“Many Chinese feel that they have not participated in the economic benefits of an economy that has been growing very rapidly,” says Michael Evans, a vice chairman of the Goldman Sachs Group and head of growth markets for the Wall Street investment bank. Nowadays, many Chinese even believe that they are “entitled to a broader participation in all aspects of the economy, but also in greater representation.”
Facing these changing expectations from China’s citizenry, Evans says, is among the prime challenges to the incoming batch of leaders about to ascend to the Standing Committee of the Politburo of the Chinese Communist Party—the party, in power since 1949, that wishes to hold power into the future.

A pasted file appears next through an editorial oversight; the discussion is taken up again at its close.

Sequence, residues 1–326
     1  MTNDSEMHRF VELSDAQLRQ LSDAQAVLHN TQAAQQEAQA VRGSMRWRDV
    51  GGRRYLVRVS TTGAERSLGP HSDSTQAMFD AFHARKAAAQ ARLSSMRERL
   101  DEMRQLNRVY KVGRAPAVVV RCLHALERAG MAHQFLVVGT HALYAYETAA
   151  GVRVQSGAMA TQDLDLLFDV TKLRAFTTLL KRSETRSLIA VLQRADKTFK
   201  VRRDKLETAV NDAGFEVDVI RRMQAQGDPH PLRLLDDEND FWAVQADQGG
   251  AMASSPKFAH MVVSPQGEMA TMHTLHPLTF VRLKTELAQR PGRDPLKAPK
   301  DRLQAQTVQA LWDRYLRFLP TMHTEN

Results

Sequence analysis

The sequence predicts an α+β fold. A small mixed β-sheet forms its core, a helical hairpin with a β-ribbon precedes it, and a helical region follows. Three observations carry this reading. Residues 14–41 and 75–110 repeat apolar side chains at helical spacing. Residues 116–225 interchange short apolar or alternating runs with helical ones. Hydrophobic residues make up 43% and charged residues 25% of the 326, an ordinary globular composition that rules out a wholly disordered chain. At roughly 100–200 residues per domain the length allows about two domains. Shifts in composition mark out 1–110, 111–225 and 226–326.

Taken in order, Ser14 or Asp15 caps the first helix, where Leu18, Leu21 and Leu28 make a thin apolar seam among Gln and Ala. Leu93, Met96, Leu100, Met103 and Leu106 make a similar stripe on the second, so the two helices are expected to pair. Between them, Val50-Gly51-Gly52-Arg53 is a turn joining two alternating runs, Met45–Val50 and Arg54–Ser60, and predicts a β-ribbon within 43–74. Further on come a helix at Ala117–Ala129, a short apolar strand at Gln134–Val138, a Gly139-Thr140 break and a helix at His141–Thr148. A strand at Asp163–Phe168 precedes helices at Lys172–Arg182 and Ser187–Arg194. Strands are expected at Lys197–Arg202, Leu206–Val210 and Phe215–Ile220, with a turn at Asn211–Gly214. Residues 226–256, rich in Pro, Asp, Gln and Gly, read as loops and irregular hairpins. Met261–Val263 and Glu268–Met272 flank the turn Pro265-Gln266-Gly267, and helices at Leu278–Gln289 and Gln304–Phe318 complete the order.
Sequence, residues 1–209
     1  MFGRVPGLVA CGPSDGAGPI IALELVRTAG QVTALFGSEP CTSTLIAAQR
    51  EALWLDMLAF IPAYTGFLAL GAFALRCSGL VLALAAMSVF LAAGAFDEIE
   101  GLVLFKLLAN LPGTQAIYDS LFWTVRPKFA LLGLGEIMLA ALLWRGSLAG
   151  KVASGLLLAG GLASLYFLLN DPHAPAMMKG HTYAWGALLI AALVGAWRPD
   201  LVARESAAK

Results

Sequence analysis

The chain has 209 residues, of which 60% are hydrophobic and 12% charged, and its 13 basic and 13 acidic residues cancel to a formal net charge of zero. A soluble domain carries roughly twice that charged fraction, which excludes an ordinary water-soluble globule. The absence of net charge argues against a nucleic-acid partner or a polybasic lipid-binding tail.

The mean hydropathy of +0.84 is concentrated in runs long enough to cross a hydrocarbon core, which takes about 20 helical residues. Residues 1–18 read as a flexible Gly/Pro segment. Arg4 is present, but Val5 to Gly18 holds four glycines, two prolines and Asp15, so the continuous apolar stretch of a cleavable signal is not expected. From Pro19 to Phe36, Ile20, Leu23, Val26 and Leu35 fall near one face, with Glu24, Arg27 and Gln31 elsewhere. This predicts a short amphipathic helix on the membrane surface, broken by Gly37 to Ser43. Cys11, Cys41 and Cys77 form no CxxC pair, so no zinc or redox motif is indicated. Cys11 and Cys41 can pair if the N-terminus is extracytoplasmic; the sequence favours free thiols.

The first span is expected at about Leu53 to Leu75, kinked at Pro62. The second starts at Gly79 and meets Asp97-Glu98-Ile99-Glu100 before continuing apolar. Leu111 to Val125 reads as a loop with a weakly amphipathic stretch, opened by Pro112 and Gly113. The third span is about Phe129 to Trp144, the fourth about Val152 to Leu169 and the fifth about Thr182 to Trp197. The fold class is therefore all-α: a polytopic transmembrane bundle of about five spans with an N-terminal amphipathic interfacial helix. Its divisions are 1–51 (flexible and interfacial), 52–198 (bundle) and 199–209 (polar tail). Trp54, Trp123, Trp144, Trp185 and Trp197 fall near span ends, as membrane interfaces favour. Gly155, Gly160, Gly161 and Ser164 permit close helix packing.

Further challenging the new CCP leaders is the need to put forward a practical reform plan to smooth a planned structural shift in China’s economy—away from state-owned enterprises focused on manufacturing and toward support of small- and medium-sized businesses and small private corporations engaged in selling goods and services to China’s new consumer class.
Where U.S.-China relations are concerned, Evans says the leaders of the largest and second-largest economies in the world have more to be gained through cooperation than through economic combat.